“This is the way the world ends – not with a bang or a whimper, but with zombies breaking down the back door.” Nineteen-year-old Remy King is on a mission to get across the wasteland left of America, and nothing will stand in her way – not violent marauders, a spoiled rock star, or an army of flesh-eating zombies.

  Wool – Part One by Hugh Howey
Thousands of them have lived underground. They’ve lived there so long, there are only legends about people living anywhere else. Such a life requires rules. Strict rules. There are things that must not be discussed. Like going outside. Never mention you might like going outside. Or you’ll get what you wish for.

  The Forever Gate by Isaac Hooke
3740 A.D. The ice age has immobilized the world. Colossal walls seal off the cities from the uninhabitable Outside. Humanlike entities called “gols” run society, and force the humans to wear collars that block the innate powers mankind has evolved. One man rises up…

  Darkness Falls by Jessica Sorensen
When the disease spread through the world, people had no choice but to go into hiding. The Colony is hidden deep underground, far away from the vampires—humans that were transformed by the disease. The vampires are hideous, starving, and they will kill any human they come across. Seventeen-year-old Kayla is a Bellator, a warrior that protects The Colony. The Highers run The Colony and accept nothing less than perfection. One slip up can mean death. Kayla has always worked hard to follow the rules and strive for perfection. But during a moment of weakness, she lets her imperfections show. Her punishment is worse than death. She is chosen for The Gathering and is thrown out into a world full of starving vampires.

Descriptions provided by Amazon

Disclaimers and Disclosures

I found these books via Amazon’s Kindle eBooks store. Resources for free Kindle and other format eBooks are listed in my sidebar.

These freebies are limited time offers, so there is no guarantee any of these books will still be free when you click on the links. Grab them sooner rather than later.

Books that I have previously listed will occasionally come up free again. I add those to my current posts for people who didn’t see them the first time.

Space Opera

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When I was younger, I was a huge scifi fan: books, movies, comics, TV shows, I loved it all. I still do, though I don’t read much of the genre these days. As a writer, I think it’s important to read many different genres in order to improve my own craft. So, today I took a look at Amazon’s science fiction freebies.

I was interested to find several books by a prolific, well-known space opera author, David Drake. What is space opera? To quote Wikipedia:

Space opera is a subgenre of science fiction that emphasizes romantic, often melodramatic adventure, set mainly or entirely in outer space, usually involving conflict between opponents possessing advanced technologies and abilities.

It has been a popular subgenre, not just in literature but also in television and movies. “Star Trek” and “Star Wars” are considered space operas. I would say its popularity has waned in recent years, displaced by super heroes and dystopia. However, the upcoming Star Trek movie, “Into Darkness,” could rekindle interest in the genre.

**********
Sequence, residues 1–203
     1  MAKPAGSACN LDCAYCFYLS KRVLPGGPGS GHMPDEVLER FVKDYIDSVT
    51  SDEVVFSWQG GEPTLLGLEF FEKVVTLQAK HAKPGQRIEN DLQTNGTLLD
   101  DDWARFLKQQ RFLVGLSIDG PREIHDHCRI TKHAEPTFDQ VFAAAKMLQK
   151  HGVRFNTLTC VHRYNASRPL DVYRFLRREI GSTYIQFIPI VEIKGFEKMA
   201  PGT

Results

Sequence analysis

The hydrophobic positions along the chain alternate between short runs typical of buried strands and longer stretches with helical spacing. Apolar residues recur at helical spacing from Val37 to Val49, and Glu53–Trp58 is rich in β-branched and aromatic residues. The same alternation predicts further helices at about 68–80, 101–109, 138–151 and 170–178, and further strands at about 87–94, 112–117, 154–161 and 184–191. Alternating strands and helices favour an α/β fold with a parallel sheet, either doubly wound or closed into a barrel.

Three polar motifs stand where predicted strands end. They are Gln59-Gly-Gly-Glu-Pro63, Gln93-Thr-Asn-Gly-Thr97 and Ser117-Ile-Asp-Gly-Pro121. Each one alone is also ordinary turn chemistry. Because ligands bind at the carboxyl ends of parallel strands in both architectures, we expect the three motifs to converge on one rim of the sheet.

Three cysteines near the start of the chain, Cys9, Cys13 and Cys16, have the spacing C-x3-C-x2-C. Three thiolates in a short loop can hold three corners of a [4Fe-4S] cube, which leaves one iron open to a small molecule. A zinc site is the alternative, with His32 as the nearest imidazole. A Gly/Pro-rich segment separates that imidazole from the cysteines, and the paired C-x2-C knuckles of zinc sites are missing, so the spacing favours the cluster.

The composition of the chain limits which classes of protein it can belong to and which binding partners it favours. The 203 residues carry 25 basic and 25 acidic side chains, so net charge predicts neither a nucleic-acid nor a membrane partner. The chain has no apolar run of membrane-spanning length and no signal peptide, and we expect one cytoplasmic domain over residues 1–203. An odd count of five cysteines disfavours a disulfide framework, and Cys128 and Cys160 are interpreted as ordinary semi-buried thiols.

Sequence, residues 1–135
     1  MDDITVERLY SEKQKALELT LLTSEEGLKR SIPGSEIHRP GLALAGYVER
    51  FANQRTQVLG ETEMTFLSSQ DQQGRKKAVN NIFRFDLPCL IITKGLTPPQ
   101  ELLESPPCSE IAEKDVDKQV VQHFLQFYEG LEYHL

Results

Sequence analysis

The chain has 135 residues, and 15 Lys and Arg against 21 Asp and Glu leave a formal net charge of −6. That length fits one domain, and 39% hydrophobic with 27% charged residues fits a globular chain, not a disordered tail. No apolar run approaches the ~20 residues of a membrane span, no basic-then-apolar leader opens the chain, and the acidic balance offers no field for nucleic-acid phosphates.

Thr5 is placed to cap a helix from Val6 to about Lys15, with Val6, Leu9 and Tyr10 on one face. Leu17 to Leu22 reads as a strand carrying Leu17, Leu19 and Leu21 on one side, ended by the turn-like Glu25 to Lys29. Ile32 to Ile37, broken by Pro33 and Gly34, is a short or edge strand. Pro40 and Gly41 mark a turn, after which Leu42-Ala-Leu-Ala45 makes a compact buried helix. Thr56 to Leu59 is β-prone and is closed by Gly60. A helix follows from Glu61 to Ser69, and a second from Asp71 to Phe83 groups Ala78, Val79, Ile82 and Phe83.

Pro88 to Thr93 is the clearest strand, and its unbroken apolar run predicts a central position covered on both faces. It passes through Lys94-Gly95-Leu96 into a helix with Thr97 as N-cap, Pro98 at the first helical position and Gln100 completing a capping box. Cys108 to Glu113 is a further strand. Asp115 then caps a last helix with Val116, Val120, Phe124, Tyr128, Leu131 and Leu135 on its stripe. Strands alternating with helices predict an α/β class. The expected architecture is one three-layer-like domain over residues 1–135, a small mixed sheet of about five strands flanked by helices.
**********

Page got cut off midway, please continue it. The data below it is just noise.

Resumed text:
At its best, a space opera is a cracking good yarn, that is, a story that loses you in its world and keeps your interest from beginning to end. The books listed below look to be such yarns. Enjoy!

All books listed below are by David Drake.

  Northworld Trilogy
The inhuman Rulers of the galaxy sent three fleets to learn what had happened to the world located by Captain North and the Survey Team he led. Neither a soul nor a message returned. The fourth time, the Rulers sent a single man: Nils Hansen. Commissioner Hansen had a mind that saw the shortest path to each task’s completion and a ruthless determination to do what the task required. The cost – to himself and whoever happened to be in the way – didn’t matter. Hanson’s Special Units had kept his planet safe from the most sophisticated and violent criminals in the galaxy. Now Hansen was being sent to penetrate a spacetime enigma which had made gods or demons of the first humans to discover it. He would succeed or die.

Redliners  Redliners
They were the toughest fighters in the galaxy – until they got used up. The mission: redemption-or death. The troops were walking dead already, so there wasn’t much of a downside. Major Arthur Farrell and the troops of Strike Force Company C41 had seen too much war with the alien Kalendru. They had too many screaming memories to be fit for combat again, but they were far too dangerous to themselves and others to be returned to civilian life.

Seas of Venus  Seas of Venus
Earth is a dead cinder beyond the dense clouds. On a terraformed Venus the land is ruled by savage plants and the even more savage beasts that prey on them, while monsters out of nightmare swim though the globe-girdling seas. Mankind huddles in domed underwater Keeps, living a purposeless static existence—dedicated to pleasure but destined for oblivion later if not sooner. Only the Free Companions, the mercenaries who fight proxy wars for the Keeps, live on the surface of Venus. Their warships course the seas, battling one another in struggles to decide victory or defeat for one day, life or death for a few individuals. The Free companions live till they die with the searing thrill of danger, and their deeds bring excitement and color to the bored residents of the Keeps; but Mankind is doomed unless something changes.